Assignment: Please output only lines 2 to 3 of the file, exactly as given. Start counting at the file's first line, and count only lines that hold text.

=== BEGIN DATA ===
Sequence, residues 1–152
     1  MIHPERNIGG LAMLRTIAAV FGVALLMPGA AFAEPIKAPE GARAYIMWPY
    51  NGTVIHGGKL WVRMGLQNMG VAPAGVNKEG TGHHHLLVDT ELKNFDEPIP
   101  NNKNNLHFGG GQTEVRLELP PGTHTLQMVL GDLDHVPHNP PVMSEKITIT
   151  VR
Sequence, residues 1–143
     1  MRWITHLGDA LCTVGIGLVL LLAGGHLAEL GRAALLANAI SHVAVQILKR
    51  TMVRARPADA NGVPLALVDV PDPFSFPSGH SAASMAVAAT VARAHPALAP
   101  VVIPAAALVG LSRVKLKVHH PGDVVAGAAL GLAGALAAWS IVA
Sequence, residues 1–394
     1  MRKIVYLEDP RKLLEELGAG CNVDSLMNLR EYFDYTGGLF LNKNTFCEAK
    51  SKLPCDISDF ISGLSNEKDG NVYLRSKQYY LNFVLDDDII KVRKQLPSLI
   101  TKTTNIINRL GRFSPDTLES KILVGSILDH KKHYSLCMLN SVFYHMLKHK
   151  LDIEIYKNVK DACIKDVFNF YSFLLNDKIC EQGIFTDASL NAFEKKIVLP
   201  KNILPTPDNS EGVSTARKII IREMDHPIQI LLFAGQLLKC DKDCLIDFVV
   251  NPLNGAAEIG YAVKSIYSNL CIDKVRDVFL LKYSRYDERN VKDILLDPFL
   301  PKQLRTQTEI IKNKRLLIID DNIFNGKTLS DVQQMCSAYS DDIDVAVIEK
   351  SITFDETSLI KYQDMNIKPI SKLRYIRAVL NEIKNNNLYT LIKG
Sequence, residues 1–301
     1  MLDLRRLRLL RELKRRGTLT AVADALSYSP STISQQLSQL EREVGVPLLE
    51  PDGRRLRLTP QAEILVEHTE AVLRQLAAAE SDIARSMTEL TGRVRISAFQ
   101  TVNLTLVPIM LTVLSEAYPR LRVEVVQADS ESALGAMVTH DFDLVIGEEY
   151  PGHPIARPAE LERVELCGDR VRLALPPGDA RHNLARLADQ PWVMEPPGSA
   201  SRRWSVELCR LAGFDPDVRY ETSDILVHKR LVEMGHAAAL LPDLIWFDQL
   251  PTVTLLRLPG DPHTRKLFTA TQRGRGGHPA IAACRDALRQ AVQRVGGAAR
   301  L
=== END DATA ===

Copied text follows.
     1  MIHPERNIGG LAMLRTIAAV FGVALLMPGA AFAEPIKAPE GARAYIMWPY
    51  NGTVIHGGKL WVRMGLQNMG VAPAGVNKEG TGHHHLLVDT ELKNFDEPIP